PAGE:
2015 Barkley Fall ClassicYou may have heard of the Barkley Fall Classic.  If not, here is what little I know about it.  It’s the itty bitty brother of the famed Barkley Marathon.  It stretches the length of a 50K to supposedly 34-36 miles, all of which are within the unfriendly confines of saw brier and rattlesnake infested mountains of Tennessee.  The BFC isn’t your ordinary 50k.  If it was, I wouldn’t be doing it.

Given that I’m not into distance running and my only races since 2011 have been of the obstacle variety, I’m not exactly sure how my brain allowed me to register.  I know absolutely nothing about ultra running.  My brain said “this would not be your best decision,” but my heart leapt at the thought of a refreshingly new challenge.  It was drawn to a small community of racers who have done or are doing what only a few have done.  It saw an extremely difficult event immune to the forces of mainstream sports (of which obstacle racing is inching steadily towards).  The BFC is void of glitz and glamour and marketing and multiple waves separated by ability level.  Just one small group of crazies leaving the starting area at the still dark and foggy hour of 7:00 a.m., with many (including me) just hoping to return by the cutoff 13 hours and 20 minutes later.  Yes, that’s a long time and the scary part is that a lot of people don’t make it.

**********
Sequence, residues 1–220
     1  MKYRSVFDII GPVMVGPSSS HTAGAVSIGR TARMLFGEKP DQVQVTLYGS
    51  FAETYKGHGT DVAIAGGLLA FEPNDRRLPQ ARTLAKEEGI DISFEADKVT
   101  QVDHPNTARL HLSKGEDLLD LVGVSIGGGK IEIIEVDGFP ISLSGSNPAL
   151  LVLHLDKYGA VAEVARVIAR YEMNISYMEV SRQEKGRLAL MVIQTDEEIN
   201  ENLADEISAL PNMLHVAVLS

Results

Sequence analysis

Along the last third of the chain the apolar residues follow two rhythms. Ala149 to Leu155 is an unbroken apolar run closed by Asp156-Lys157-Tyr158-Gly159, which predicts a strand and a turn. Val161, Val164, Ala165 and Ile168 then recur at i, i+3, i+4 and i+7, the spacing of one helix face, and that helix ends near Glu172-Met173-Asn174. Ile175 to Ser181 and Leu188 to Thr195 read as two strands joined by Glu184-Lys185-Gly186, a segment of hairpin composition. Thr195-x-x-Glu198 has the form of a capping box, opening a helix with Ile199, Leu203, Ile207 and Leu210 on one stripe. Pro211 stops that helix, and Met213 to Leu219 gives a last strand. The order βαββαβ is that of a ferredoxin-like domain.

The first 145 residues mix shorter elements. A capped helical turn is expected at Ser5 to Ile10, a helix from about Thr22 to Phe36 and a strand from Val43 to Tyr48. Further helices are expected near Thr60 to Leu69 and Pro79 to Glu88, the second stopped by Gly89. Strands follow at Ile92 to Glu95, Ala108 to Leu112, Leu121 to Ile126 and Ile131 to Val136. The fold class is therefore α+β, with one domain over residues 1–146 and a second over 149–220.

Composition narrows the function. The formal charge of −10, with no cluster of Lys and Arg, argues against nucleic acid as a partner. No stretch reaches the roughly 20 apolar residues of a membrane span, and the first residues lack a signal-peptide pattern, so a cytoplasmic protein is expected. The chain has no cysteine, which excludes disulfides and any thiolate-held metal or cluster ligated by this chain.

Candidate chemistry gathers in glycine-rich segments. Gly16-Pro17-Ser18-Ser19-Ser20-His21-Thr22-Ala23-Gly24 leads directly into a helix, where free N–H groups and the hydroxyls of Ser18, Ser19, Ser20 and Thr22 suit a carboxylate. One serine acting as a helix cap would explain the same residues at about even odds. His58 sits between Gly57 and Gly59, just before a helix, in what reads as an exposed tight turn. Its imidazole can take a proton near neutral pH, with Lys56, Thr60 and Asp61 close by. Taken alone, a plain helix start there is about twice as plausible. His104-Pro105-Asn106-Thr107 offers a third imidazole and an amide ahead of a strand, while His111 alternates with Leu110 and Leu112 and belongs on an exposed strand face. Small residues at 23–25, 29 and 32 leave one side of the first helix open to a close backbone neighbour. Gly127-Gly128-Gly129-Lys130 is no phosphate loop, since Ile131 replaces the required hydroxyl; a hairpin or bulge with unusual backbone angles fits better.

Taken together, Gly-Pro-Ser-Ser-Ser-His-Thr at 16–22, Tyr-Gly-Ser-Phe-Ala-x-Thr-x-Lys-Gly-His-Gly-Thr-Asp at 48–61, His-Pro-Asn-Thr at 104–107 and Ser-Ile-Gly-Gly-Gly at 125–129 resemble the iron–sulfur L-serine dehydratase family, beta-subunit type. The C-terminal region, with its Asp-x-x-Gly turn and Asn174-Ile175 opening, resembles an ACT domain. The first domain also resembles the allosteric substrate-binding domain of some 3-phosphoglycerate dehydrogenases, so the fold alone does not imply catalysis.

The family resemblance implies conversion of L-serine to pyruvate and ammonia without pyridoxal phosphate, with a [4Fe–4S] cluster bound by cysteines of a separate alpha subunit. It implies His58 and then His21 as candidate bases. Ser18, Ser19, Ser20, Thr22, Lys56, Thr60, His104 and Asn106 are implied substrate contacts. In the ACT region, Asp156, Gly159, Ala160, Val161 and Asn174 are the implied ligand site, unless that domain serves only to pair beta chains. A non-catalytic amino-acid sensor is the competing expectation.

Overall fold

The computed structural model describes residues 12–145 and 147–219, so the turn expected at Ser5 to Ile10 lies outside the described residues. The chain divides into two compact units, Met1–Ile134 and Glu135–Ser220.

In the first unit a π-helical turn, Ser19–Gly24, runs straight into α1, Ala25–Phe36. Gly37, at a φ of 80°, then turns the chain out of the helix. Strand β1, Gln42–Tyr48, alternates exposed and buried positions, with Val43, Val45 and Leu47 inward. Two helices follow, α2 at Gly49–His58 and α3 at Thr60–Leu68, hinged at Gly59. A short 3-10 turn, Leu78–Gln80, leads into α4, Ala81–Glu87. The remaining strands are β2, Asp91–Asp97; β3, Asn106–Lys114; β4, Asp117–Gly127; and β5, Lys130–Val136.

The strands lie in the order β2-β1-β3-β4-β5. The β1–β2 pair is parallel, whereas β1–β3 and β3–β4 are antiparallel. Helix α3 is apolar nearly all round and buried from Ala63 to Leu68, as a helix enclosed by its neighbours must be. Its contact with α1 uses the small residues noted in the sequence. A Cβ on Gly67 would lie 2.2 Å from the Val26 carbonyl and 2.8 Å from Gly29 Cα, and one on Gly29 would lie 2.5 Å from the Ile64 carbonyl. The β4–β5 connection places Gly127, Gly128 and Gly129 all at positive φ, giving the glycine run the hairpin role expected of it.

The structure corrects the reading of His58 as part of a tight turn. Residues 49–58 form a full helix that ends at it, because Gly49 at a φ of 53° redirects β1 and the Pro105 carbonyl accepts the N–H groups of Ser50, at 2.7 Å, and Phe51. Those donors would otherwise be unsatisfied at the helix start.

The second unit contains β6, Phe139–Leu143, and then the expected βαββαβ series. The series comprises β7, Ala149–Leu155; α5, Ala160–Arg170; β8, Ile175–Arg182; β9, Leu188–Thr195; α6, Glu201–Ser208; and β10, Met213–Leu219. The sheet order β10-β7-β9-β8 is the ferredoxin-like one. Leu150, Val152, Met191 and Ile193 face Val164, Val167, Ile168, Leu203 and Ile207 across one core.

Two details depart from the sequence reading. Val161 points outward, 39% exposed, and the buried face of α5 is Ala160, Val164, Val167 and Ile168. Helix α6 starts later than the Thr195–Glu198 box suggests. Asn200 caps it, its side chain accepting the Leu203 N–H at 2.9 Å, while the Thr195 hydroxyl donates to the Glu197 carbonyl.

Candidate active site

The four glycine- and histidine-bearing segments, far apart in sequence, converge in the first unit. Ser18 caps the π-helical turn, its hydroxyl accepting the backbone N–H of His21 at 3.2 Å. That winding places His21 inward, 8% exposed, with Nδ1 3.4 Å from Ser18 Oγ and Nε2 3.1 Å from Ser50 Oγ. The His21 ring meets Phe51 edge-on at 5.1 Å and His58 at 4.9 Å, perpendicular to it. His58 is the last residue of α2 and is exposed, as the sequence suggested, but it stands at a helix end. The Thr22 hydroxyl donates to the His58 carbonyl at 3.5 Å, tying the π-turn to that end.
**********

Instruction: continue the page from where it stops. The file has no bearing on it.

Will I finish this race in the time allotted?  I don’t know.  I really don’t.  I do know that I completed 28 miles of the 2012 Ultra Beast on Vermont’s Killington Mountain in less time than this cutoff.  The problem is that over the years, my heart has minimized the brutality of that race.  The UB included a gazillion obstacles strewn up and down the mountain, 300 burpees, long barbed wire crawls up the mountain, a near case of hypothermia, and a rain storm — all following a summer in which I had logged less than 25 miles TOTAL because of a stress fracture and knee bursitis.  I completed that Ultra Beast not from innate ability or intense training, but out of sheer willpower. I expect I may need to do the same this weekend.

Finish or not, as long as I don’t die from rattlesnake venom or become permanently stuck in the saw briers, stories will follow.